Opposition parties moved swiftly to criticise the government on the issue, with Jennifer Whitmore, the Social Democrats’ climate spokesperson, blasting what she called a “shocking lack of leadership.”

She said in a statement: “This deal clearly demonstrates government are not prepared to, or capable of, making the tough decisions required to deal with climate change.

“Unfortunately, it appears, Government ministers and TDs were more interested in protecting their seats rather than protecting the environment and the future of our rural communities.”

Sinn Féin, which has not clarified where it stands on emissions targets, said today that the government “needs to move away from the divisive, punitive approach to climate action to have any hope of achieving emissions reductions.”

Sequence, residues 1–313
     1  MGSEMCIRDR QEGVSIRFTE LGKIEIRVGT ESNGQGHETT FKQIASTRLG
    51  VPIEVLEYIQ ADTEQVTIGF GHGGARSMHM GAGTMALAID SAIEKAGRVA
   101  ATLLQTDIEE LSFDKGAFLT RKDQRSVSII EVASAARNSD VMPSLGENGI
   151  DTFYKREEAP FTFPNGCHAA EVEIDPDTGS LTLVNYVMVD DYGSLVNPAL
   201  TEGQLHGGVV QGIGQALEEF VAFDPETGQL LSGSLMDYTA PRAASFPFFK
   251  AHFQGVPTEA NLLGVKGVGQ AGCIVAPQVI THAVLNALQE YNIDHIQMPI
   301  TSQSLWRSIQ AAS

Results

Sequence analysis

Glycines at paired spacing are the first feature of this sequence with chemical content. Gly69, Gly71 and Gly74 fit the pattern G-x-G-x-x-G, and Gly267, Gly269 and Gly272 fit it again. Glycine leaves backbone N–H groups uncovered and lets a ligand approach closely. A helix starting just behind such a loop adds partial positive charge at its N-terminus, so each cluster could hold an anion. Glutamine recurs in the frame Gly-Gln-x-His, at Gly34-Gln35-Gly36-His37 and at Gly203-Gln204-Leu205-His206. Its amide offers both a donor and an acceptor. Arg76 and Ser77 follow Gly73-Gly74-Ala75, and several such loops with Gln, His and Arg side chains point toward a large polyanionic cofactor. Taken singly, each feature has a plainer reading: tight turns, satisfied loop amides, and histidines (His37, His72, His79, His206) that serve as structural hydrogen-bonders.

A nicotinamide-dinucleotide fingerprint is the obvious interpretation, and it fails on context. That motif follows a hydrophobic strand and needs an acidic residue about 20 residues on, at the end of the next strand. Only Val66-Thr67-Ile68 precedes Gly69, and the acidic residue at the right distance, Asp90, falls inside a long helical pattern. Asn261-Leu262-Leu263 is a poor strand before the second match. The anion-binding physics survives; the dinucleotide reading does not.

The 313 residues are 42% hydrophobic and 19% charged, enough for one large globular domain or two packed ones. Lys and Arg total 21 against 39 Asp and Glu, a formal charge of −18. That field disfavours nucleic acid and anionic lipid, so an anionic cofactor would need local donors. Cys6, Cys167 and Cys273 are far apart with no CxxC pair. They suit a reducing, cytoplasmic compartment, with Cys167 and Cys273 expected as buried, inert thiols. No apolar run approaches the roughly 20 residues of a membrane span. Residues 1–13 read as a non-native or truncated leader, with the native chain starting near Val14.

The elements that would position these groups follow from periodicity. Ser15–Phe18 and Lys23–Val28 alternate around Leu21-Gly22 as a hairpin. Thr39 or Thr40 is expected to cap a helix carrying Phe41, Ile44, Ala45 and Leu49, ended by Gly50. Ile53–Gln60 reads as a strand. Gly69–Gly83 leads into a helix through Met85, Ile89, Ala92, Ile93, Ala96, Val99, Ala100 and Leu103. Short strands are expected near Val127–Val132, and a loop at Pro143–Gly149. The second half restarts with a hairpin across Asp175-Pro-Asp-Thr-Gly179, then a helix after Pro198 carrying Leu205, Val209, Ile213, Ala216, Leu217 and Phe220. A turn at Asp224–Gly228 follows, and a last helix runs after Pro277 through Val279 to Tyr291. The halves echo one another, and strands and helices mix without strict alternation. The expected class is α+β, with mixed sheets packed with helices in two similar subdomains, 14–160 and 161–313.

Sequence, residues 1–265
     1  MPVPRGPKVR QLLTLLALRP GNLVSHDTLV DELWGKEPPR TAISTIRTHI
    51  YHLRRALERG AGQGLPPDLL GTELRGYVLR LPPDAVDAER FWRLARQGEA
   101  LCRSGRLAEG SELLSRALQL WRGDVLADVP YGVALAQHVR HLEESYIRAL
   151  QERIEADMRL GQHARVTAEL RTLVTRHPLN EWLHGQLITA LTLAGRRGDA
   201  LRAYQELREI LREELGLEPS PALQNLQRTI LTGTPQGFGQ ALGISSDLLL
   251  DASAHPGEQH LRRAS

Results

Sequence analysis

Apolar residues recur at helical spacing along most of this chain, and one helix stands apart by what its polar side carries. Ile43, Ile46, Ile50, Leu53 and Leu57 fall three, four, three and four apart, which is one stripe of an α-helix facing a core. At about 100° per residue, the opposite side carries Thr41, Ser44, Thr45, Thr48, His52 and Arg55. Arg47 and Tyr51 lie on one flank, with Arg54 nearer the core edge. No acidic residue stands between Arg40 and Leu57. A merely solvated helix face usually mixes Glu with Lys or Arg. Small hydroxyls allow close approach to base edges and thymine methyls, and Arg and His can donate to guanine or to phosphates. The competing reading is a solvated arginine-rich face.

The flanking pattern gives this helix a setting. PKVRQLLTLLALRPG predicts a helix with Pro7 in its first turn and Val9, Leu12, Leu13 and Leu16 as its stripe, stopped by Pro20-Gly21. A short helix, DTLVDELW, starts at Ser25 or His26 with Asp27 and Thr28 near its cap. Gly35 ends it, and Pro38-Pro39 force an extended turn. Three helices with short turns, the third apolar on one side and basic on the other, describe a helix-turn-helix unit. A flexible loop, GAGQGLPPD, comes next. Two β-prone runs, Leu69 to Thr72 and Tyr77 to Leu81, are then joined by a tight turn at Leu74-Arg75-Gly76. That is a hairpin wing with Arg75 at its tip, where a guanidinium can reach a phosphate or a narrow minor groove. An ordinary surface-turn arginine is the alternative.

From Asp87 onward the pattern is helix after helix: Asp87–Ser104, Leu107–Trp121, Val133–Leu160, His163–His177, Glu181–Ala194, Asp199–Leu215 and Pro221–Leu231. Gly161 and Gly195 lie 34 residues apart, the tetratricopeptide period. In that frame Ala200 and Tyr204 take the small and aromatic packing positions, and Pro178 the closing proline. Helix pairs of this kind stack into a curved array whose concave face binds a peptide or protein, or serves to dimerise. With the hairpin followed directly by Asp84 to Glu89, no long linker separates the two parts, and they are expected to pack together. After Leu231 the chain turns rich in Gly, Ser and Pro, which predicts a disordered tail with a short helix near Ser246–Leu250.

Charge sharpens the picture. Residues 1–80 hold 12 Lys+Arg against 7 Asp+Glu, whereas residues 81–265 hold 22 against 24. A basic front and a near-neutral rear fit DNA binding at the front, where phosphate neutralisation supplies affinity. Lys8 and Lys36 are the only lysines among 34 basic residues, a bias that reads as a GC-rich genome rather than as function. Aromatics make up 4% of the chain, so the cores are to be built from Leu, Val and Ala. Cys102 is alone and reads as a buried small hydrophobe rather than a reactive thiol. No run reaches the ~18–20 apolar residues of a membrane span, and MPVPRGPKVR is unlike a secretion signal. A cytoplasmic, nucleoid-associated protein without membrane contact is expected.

The party said during the week that it needs more information before taking a stance on the matter – a position Fine Gael called “staggering”.

The party’s climate spokesperson Darren O’Rourke said in a statement: “Sinn Féin has consistently said the ceilings must reach the 51% national objective and that every sector must do its fair share.

“While there is much focus on targets, we have been here before. Targets have been set and, on every occasion, targets have been missed.

“It is clear that this government’s divisive, punitive approach to climate action is not working. The EPA report last week confirming an almost 5% increase in overall emissions in 2021 is proof positive of that.

“If government does not change its approach, it will continue to fail.”

Lengthy talks

It came hours after Taoiseach Micheál Martin, Tánaiste Leo Varadkar and Green Party leader Eamon Ryan failed to approve final sectoral targets at the last Cabinet meeting before the summer break.